Everett native Richard Sasso said he had a lifelong dream to open his own restaurant. He had previously owned a replacement window business, hair salon, and billiards parlor before taking the plunge into the restaurant industry.
“I always wanted to go into the restaurant business and do it in my hometown,” said the 60-year-old Sasso.
That’s why he speaks so proudly about being the “president and treasurer of 8/10 Bar and Grille Incorporated.” He has owned and operated the popular Everett restaurant located at 8 Norwood Street for 14 years.
Customers have made 8/10 Bar and Grille one of the city’s most popular restaurants, where diners enjoy such favorites as chicken parmigiana (“A big seller,” said Sasso), chicken marsala, steak tips, and pizza.
A lifelong Everett resident, Sasso knows many of the customers personally from having grown up in the city. The 8/10 staff is also local and known for its congeniality and outstanding service.
Business was Booming
Business was quite brisk at the 8/10 Bar and Grille early in 2020. There had been no nor’easters or blizzards and the regulars from Everett, coupled with an influx of Charlestown families, were taking advantage of the mild winter and filling the seats nightly at the 8/10.
But then the COVID-19 pandemic struck and it hit Everett particularly hard.
“Business was really good until we hit the wall,” said Sasso. “We closed down on March 17 to make sure everybody was safe because we didn’t want to take any chances. We didn’t even do takeout at that point.”
The restaurant re-opened in early June for takeout orders. When Gov. Charlie Baker announced the new social distancing and seating capacity guidelines for restaurants, Sasso enthusiastically welcomed the return of in-person diners.
“We open at 4 p.m. every day and we serve until there is nobody left to feed,” related Sasso. “If there’s people here, we stay open for them. If not, we close and come back the next day at 4.”
In addition to takeouts, the 8/10 partners with businesses Uber Eats, DoorDash, and Grubhub on deliveries.
“A lot of our regular customers have come back, but a lot of them are doing takeout and delivery because they’re still a little nervous about things that are going on with the COVID.”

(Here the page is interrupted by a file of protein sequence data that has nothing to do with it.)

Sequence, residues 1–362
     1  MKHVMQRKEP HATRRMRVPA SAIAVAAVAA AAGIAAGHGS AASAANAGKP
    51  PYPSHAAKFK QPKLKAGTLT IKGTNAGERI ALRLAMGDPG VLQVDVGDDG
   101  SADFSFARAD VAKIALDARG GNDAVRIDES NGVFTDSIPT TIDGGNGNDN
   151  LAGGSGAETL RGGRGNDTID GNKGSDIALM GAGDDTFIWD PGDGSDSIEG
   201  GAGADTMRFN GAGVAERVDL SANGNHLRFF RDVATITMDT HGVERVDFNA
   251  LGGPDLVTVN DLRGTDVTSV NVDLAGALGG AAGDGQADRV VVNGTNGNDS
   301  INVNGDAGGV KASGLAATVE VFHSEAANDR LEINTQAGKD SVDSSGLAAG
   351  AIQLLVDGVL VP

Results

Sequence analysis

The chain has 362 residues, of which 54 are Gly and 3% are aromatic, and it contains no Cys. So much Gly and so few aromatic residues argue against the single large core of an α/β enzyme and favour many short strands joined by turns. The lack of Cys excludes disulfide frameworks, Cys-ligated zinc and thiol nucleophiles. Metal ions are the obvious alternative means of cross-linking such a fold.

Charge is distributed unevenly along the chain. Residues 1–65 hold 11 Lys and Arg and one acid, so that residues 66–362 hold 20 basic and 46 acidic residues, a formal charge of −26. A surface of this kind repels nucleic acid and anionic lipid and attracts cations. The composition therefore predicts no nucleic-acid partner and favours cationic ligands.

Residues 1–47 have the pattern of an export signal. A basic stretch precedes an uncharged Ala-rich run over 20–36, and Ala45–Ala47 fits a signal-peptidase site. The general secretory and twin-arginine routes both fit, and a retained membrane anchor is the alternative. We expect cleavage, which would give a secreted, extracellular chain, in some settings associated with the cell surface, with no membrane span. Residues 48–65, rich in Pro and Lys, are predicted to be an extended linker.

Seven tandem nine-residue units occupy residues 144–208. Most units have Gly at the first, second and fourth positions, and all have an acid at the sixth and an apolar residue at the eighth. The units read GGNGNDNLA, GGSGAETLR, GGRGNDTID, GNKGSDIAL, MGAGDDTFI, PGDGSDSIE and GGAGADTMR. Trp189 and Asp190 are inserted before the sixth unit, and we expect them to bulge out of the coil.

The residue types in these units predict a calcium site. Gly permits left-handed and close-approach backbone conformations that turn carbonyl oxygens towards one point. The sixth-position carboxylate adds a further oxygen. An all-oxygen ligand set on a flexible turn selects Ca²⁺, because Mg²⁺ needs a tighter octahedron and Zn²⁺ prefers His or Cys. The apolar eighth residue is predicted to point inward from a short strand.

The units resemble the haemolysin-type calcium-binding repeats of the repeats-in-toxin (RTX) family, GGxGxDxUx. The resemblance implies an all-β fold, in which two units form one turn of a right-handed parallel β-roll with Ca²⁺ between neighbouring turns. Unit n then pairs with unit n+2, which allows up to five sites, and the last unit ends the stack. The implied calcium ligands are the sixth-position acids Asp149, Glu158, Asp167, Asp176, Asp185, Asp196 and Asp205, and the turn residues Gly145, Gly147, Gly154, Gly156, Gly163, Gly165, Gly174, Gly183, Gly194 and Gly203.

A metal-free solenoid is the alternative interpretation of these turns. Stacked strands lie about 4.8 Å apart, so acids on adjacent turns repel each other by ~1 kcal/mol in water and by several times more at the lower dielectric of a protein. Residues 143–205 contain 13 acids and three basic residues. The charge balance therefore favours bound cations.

He is appreciative of the customers’ support during what has been a very challenging period for the restaurant industry.
“I want to thank the customers for being very loyal
and very supportive and I just hope we can hang in there and get through the crisis,” said Sasso.
An Everett Kid and Former Hockey Star
Richard Sasso, 60, is the son of Joseph J. Sasso Jr. and Anna M. Sasso. “They’re my parents and nobody has been more supportive of myself and my brothers (James Sasso and Thomas Sasso) throughout our lives. My father is 88 and a retiring attorney who has been practicing law right up until this point. My mother is 85 and they have been very supportive throughout this whole thing. My brother James has an insurance company. My brother Thomas has a furniture business.”
Like many kids growing up in Greater Boston in the early 1970s, Richard Sasso was inspired by the two-time Stanley Cup champion Boston Bruins and their electrifying defenseman, Bobby Orr.
Sasso was among the very first players to skate in what would become the Everett Youth Hockey program. He remembers such community leaders as Henry Schlagel, Pat Carli, Ralph Werner, and Lester McLaughlin, and his father, Joseph Sasso, helping to lay the foundation to the Everett program.
Sasso took his prolific offensive skills and talent to Malden Catholic where he played four years of varsity hockey under coaches Charlie Driscoll and Bob Conceison, graduating in 1978. He went on to play two years of Division 1 hockey at Boston College. He skated alongside teammate Joey Mullen, one of the first American-born players to star in the National Hockey League.
‘It seems like a lifetime ago,” said Sasso, whose brothers also excelled in high school (Malden Catholic) and collegiate hockey.
“My brother Tommy was a tremendous hockey player at Babson College and won the nation’s top player award two years in a row,” said Richard. “He was drafted and signed by the Quebec Nordiques. My brother James played hockey at the University of Connecticut.”
Looking Toward A Bright Future
Things are returning to normal at the 8/10 Restaurant that Sasso worked so hard to build and develop a loyal following.
“We’re moving forward and excited about the future,” said Sasso. “We lost 21 seats [due to the current guidelines], but the City of Everett has gone above and beyond and given us the outdoor seating. They did a tremendous job with that boardwalk. We have another 15 seats outside, but that’s going to be ending because of the cold weather.
“I thank Mayor [Carlo] DeMaria and his entire staff for doing as much as they possibly could to help us businesses survive this crisis,” he lauded. “We’re going to keep going until we can’t go anymore.”
And that’s good news for food connoisseurs everywhere.